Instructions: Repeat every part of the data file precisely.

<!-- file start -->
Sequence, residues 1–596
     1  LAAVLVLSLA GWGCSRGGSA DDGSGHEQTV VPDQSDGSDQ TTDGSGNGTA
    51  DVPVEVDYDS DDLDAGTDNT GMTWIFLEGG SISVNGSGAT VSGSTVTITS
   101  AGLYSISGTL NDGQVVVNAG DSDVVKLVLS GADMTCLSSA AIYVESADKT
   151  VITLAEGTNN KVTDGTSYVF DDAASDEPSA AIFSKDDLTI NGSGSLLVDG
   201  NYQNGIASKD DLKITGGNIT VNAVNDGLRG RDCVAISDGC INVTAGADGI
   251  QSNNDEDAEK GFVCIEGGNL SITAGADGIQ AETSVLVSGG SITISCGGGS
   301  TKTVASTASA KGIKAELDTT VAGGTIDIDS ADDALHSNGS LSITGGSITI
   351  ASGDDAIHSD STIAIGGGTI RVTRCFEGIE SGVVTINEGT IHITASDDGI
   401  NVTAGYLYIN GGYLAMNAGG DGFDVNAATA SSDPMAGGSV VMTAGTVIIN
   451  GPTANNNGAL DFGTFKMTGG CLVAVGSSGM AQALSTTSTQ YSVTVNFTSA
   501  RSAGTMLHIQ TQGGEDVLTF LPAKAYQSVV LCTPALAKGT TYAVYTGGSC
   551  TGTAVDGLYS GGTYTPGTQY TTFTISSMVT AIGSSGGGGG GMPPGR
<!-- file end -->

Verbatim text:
Sequence, residues 1–596
     1  LAAVLVLSLA GWGCSRGGSA DDGSGHEQTV VPDQSDGSDQ TTDGSGNGTA
    51  DVPVEVDYDS DDLDAGTDNT GMTWIFLEGG SISVNGSGAT VSGSTVTITS
   101  AGLYSISGTL NDGQVVVNAG DSDVVKLVLS GADMTCLSSA AIYVESADKT
   151  VITLAEGTNN KVTDGTSYVF DDAASDEPSA AIFSKDDLTI NGSGSLLVDG
   201  NYQNGIASKD DLKITGGNIT VNAVNDGLRG RDCVAISDGC INVTAGADGI
   251  QSNNDEDAEK GFVCIEGGNL SITAGADGIQ AETSVLVSGG SITISCGGGS
   301  TKTVASTASA KGIKAELDTT VAGGTIDIDS ADDALHSNGS LSITGGSITI
   351  ASGDDAIHSD STIAIGGGTI RVTRCFEGIE SGVVTINEGT IHITASDDGI
   401  NVTAGYLYIN GGYLAMNAGG DGFDVNAATA SSDPMAGGSV VMTAGTVIIN
   451  GPTANNNGAL DFGTFKMTGG CLVAVGSSGM AQALSTTSTQ YSVTVNFTSA
   501  RSAGTMLHIQ TQGGEDVLTF LPAKAYQSVV LCTPALAKGT TYAVYTGGSC
   551  TGTAVDGLYS GGTYTPGTQY TTFTISSMVT AIGSSGGGGG GMPPGR